Editor’s note: Jim Ippolito, associate professor of environmental soil quality/health at Colorado State University, and Mahdi Al-Kaisi, professor of soil management and environment at Iowa State University, wrote this piece for The Conversation in April 2019. Colorado State is a contributing institution to The Conversation, an independent collaboration between editors and academics that provides informed news analysis and commentary to the general public. See the entire list of contributing faculty and their articles here.
As devastating images of the 2019 Midwest floods fade from view, an insidious and longer-term problem is emerging across its vast plains: The loss of topsoil that much of the nation’s food supply relies on.
Today, Midwest farmers are facing millions of bushels of damaged crops such as soybean and corn. This spring’s heavy rains have already caused record flooding, which could continue into May and June, and some government officials have said it could take farmers years to recover.
Long after the rains stop, floodwaters continue to impact soil’s physical, chemical and biological properties that all plants rely on for proper growth. Just as very wet soils would prevent a homeowner from tending his or her garden, large amounts of rainfall prevent farmers from entering a wet field with machinery. Flooding can also drain nutrients out of the soil that are necessary for plant growth as well as reduce oxygen needed for plant roots to breathe, and gather water and nutrients.
As scientists who have a combined 80 years of experience studying soil processes, we see clearly that many long-term problems farmers face from floodwaters are steeped in the soil. This leads us to conclude that farmers may need to take far more active measures to manage soil health in the future as weather changes occur more drastically due to climate change and other factors.
Here are some of the perils with flooded farmland that can affect the nation’s food supply.
When soil is saturated by excessive flooding, soil pores are completely filled with water and have little to no oxygen present. Much like humans, plants need oxygen to survive, with the gas taken into plants via leaves and roots. Also identical to humans, plants – such as farm crops – can’t breathe underwater.
Essentially, excess and prolonged flooding kills plant roots because they can’t breathe. Dead plant roots in turn lead to death of aboveground plant, or crop, growth.
Another impact of flooding is compacted soil. This often occurs when heavy machinery is run over wet or saturated farmland. When soils become compacted, future root growth and oxygen supply are limited. Thus, severe flooding can delay or even prevent planting for the entire growing season, causing significant financial loss to farmers.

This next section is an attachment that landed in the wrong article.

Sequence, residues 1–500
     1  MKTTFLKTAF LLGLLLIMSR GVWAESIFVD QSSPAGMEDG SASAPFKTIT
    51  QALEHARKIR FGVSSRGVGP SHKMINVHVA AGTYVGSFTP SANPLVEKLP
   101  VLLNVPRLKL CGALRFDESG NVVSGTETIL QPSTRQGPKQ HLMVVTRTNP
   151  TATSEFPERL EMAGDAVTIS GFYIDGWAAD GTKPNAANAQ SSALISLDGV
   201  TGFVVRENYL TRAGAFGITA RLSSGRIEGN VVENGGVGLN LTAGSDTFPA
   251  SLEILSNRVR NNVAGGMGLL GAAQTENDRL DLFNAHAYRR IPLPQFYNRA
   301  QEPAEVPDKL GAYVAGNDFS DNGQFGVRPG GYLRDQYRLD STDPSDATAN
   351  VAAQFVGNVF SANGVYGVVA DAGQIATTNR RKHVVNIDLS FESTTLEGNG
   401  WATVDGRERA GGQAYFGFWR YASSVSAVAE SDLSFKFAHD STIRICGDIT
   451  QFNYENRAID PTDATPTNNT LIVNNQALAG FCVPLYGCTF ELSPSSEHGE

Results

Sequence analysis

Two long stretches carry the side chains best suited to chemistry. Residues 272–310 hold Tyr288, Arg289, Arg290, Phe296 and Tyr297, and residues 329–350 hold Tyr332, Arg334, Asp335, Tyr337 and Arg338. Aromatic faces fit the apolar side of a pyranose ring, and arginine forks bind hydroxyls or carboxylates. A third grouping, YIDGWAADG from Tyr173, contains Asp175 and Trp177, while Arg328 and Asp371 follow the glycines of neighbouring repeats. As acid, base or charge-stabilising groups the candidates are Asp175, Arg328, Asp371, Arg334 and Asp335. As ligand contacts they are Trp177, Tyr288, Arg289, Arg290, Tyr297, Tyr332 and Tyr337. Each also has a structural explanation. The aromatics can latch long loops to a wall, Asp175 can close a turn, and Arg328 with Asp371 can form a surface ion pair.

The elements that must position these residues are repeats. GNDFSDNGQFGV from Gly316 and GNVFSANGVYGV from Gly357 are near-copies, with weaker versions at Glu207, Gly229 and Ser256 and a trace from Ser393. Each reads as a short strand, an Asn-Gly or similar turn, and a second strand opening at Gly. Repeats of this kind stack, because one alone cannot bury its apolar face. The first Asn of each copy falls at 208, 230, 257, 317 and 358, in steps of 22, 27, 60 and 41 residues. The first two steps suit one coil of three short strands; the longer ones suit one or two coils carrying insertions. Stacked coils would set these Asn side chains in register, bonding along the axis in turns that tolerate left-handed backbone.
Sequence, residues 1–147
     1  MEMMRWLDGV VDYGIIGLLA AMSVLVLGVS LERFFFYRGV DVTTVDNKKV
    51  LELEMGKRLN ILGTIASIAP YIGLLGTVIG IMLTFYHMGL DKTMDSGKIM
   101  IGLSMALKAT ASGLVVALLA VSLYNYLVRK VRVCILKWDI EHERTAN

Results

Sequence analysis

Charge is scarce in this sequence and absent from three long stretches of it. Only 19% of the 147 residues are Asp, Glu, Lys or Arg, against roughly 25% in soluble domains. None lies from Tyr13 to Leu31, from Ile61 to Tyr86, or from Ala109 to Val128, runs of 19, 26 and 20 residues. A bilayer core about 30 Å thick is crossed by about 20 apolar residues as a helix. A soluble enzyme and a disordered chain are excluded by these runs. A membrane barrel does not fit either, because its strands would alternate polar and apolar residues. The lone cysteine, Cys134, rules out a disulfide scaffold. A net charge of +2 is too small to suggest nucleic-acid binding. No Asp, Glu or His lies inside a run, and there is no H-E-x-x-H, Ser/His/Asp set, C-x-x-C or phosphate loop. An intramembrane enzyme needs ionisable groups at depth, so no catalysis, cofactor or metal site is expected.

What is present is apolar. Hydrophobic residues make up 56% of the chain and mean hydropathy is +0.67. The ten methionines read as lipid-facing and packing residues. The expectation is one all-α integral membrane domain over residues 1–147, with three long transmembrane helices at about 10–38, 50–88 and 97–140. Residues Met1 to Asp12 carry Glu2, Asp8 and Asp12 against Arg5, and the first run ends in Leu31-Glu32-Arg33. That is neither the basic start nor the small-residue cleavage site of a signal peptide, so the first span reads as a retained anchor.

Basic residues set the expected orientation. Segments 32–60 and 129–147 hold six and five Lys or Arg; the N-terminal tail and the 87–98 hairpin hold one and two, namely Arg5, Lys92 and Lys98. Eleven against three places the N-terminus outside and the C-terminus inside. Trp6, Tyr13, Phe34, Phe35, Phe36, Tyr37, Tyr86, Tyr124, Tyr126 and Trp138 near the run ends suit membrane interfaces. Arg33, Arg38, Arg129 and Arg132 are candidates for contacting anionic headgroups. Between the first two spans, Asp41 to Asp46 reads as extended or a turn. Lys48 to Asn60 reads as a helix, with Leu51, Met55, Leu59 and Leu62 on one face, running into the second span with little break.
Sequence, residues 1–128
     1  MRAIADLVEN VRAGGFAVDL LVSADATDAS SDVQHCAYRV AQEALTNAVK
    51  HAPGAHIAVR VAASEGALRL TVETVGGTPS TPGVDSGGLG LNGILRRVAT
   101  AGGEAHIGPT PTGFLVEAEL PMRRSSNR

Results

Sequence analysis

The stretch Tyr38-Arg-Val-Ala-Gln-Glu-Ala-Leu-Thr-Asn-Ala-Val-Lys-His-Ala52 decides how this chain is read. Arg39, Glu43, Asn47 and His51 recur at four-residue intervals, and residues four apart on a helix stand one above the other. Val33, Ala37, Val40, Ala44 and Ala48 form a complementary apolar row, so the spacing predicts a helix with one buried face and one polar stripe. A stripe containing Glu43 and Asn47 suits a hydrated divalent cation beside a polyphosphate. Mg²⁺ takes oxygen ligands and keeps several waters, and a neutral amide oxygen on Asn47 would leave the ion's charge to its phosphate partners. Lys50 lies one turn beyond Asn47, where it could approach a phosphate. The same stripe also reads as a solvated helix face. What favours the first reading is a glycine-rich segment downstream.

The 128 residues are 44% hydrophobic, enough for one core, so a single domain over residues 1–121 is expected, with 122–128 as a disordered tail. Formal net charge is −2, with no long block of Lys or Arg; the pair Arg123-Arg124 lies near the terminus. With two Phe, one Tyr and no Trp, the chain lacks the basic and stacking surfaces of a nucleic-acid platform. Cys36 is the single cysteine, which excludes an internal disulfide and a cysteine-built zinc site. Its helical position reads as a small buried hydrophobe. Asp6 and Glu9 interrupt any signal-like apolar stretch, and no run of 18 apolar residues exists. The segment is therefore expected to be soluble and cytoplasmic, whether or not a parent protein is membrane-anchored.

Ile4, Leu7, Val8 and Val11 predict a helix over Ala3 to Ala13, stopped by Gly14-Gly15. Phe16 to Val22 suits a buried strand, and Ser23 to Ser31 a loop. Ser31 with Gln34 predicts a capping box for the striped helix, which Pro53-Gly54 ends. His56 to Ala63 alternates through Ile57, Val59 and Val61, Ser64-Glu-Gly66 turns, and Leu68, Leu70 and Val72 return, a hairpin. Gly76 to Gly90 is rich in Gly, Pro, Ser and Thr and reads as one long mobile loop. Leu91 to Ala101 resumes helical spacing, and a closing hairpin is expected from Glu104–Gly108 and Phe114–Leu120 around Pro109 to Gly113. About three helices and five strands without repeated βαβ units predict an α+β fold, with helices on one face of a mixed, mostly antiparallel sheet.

Loss of soil nutrients
When flooding events occur, such as overwatering your garden or as with the 2019 Midwest flooding, excess water can flush nutrients out of the soil. This happens by water running offsite, leaching into and draining through the ground, or even through the conversion of nutrients from a form that plants can utilize to a gaseous form that is lost from the soil to the atmosphere.
Regardless of whether you are a backyard gardener or large-scale farmer, these conditions can lead to delays in crop planting, reduced crop yields, lower nutritive value in crops and increased costs in terms of extra fertilizers used. There is also the increased stress within the farming community – or for you, the backyard gardener who couldn’t plant over the weekend due to excess rainfall. This ultimately increases the risk of not producing ample food over time.
Small microbial changes have big effects
Flooding on grand scales causes soils to become water-saturated for longer than normal periods of time. This, in turn, affects soil microorganisms that are beneficial for nutrient cycling.
Flooded soils may encounter problems caused by the loss of a specific soil microorganism, arbuscular mycorrhizae fungi. These fungi colonize root systems in about 90% to 95% of all plants on Earth in a mutually beneficial relationship.
The fungi receive energy in the form of carbon from the plant. As the fungi extend thread-like tendrils into the soil to scavenge for nutrients, they create a zone where nutrients can be taken up more easily by the plant. This, in turn, benefits nutrient uptake and nutritive value of crops.
When microbial activity is interrupted, nutrients don’t ebb and flow within soils in the way that is needed for proper crop growth. Crops grown in previously flooded fields may be affected due to the absence of a microbial community that is essential for maintaining proper plant growth.
The current Midwest flooding has far-reaching effects on soil health that may last many years. Recovering from these types of extreme events will likely require active management of soil to counteract the negative long-term effects of flooding. This may include the adoption of conservation systems that include the use of cover crops, no-till or reduced-till systems, and the use of perennials grasses, to name few. These types of systems may allow for better soil drainage and thus lessen flooding severity in soils.
Farmers have the ability to perform these management practices, but only if they can afford to convert over to these new systems; not all farmers are that fortunate. Until improvements in management practices are resolved, future flooding will likely continue to leave large numbers of Midwest fields vulnerable to producing lower crop yields or no crop at all.
This article is republished from The Conversation under a Creative Commons license. Read the original article.